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How Do You Calculate Capital Gains Tax on a Gifted Asset?

The recipient of the gift does not have to pay any taxes on the gift until the recipient sells it. At that time, the recipient may be responsible for capital gains taxes that may have been incurred.

How this works is: say you gift stock to your daughter that you paid $5,000 for at the time you purchased it. At the time your daughter sells the stock, the stock is worth $15,000. Your daughter only has to pay tax on the difference between what you bought the stock for and what she sold it for, which is $10,000.

You do not get a step-up in basis when you get a gift – you have to carry over the basis from the person who gifted the asset. But you do get a step up in basis when you receive an inheritance. So say someone bought a house 20 years ago, and it costs 5 times as much now. It would make more sense to inherit it then to receive it by gift.

However, in some cases it may make sense to gift your assets while you are alive is a great way to reduce your estate taxes later. This is true of assets that are purchased recently and have no accumulated any gain and that are expected to go up in value.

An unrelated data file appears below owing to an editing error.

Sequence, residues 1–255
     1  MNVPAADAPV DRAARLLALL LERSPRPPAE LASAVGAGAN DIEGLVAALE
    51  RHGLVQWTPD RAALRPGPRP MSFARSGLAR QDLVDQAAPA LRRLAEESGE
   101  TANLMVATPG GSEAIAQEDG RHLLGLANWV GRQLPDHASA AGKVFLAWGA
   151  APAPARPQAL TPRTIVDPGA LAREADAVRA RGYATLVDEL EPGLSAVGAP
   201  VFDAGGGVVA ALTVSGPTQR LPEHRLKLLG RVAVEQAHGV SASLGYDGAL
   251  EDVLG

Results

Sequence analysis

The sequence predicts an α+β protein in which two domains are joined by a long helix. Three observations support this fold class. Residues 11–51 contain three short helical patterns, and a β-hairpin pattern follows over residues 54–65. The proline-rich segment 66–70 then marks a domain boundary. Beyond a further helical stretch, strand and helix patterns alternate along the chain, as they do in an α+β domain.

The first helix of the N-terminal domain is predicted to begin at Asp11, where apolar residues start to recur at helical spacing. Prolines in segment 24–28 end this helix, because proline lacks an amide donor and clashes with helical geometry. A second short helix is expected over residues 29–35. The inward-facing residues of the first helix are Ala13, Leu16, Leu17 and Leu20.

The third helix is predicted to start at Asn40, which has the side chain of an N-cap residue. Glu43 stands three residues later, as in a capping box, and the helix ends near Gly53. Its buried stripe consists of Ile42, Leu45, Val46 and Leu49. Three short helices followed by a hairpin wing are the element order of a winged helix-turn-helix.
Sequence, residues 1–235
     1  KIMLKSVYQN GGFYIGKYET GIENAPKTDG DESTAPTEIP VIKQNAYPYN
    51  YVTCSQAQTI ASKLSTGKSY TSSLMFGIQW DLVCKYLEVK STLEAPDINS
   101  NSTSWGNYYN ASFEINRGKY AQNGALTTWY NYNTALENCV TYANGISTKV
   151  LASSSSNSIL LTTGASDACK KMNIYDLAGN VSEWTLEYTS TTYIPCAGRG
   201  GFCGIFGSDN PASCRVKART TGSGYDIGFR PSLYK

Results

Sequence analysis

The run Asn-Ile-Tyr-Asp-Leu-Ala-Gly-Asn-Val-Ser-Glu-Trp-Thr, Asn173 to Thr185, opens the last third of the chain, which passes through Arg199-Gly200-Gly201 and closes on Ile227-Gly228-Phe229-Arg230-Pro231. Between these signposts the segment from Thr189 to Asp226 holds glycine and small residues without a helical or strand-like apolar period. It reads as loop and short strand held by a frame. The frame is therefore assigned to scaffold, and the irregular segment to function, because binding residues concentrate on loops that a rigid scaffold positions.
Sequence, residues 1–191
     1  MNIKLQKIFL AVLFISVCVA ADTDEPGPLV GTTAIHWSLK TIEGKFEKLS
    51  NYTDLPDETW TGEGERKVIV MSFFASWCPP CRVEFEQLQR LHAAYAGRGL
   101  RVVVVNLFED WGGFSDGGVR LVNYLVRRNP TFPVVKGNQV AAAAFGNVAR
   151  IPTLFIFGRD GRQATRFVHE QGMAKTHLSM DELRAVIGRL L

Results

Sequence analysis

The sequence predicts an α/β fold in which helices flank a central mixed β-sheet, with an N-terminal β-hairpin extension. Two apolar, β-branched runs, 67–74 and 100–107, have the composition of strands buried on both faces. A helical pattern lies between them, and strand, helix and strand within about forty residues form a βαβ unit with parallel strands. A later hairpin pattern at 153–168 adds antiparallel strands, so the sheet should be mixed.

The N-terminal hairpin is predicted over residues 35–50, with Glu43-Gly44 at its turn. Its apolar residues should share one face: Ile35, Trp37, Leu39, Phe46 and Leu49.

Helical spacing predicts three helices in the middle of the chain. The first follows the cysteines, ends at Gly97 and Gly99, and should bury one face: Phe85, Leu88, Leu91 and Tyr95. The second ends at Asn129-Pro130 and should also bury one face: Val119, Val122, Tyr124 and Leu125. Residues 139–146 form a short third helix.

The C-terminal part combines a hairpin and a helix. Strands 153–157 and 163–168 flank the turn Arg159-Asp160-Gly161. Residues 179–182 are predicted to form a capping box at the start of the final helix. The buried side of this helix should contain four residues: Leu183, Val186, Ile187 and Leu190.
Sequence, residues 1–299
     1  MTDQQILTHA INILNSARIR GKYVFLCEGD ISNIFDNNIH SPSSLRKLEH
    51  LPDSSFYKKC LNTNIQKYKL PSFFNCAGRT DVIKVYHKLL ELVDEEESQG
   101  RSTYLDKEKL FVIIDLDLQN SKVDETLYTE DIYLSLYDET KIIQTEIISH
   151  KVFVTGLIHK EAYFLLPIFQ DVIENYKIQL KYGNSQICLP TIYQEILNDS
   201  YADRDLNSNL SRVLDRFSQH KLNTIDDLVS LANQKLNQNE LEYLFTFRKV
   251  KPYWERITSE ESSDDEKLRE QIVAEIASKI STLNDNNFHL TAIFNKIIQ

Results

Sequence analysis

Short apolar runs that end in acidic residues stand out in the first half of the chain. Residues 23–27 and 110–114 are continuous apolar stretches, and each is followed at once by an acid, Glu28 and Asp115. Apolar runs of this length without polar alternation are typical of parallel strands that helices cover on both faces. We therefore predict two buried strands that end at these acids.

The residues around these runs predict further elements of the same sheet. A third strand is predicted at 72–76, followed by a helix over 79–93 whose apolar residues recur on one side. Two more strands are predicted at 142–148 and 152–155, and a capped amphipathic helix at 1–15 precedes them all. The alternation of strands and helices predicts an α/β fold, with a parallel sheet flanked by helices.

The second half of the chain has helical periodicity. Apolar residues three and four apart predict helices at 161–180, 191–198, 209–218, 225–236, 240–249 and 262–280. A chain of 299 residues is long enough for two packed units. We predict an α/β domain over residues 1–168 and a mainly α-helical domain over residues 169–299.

Another way is to save taxes is to set up a trust and transfer the assets to the trust for the benefit of your beneficiaries. Also, assets placed in a trust are exempt from probate in New York. This will save your family additional time and money because the trust assets will automatically transfer to your beneficiaries in accordance with the trust agreement.

Since most people are not familiar with the gift tax laws, they generally seek the advice of a New York probate and estate attorney to assist them with the best way to structure their gifts. A New York probate and estate attorney also can be of assistance with other probate and estate matters.

If you wish to speak to a New York City estate attorney, call the Law Offices of Albert Goodwin at 718-509-9774.